What followed was a timeline in which Taylor slowly realized that Trump attorney Rudy Giuliani was heading an unofficial diplomatic track with Ukraine that was at odds with U.S. interests, one which involved withholding security assistance.

Taylor’s meticulously detailed communications with other figures in this scandal made clear that that security assistance was dependent on the investigations Trump was demanding. After NSC official Tim Morrison told Taylor that Ambassador to the EU Gordon Sondland had told a Ukrainian official that security assistance would be withheld until Ukraine committed to a Biden-related investigation, Taylor sent a now-infamous text.

I sent Ambassador Sondland a text message asking if “we [are] now saying that security assistance and [a] WH meeting are conditioned on investigations?”

Ambassador Sondland responded asking me to call him, which I did.

During that phone call, Ambassador Sondland told me that President Trump had told him that he wants President Zelenskyy to state publicly that Ukraine will investigate Burisma and alleged Ukrainian interference in the 2016 U.S. election.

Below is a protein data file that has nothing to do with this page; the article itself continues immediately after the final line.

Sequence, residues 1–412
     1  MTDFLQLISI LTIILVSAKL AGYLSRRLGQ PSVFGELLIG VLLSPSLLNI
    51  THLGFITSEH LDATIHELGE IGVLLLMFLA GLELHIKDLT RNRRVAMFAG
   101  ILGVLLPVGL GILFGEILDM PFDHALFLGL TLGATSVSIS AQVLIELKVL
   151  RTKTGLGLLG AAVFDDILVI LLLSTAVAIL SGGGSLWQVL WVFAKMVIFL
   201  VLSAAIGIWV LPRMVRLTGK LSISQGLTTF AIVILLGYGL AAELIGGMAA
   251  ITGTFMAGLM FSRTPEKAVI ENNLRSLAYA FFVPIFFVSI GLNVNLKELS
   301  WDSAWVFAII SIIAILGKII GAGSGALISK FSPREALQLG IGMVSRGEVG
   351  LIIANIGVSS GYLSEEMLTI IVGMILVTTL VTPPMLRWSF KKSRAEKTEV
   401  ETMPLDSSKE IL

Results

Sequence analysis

Ambassador Sondland also told me that he now recognized that he had made a mistake by earlier telling Ukrainian officials that only a White House meeting with President Zelenskyy was dependent on a public announcement of investigations—in fact, Ambassador Sondland said, “everything” was dependent on such an announcement, including security assistance. He said that President Trump wanted President Zelenskyy “in a public box” by making a public statement about ordering such investigations.

Taylor also described a phone call in which Sondland described Trump elucidating a demand in exchange for security assistance, while simultaneously insisting it was not a quid pro quo: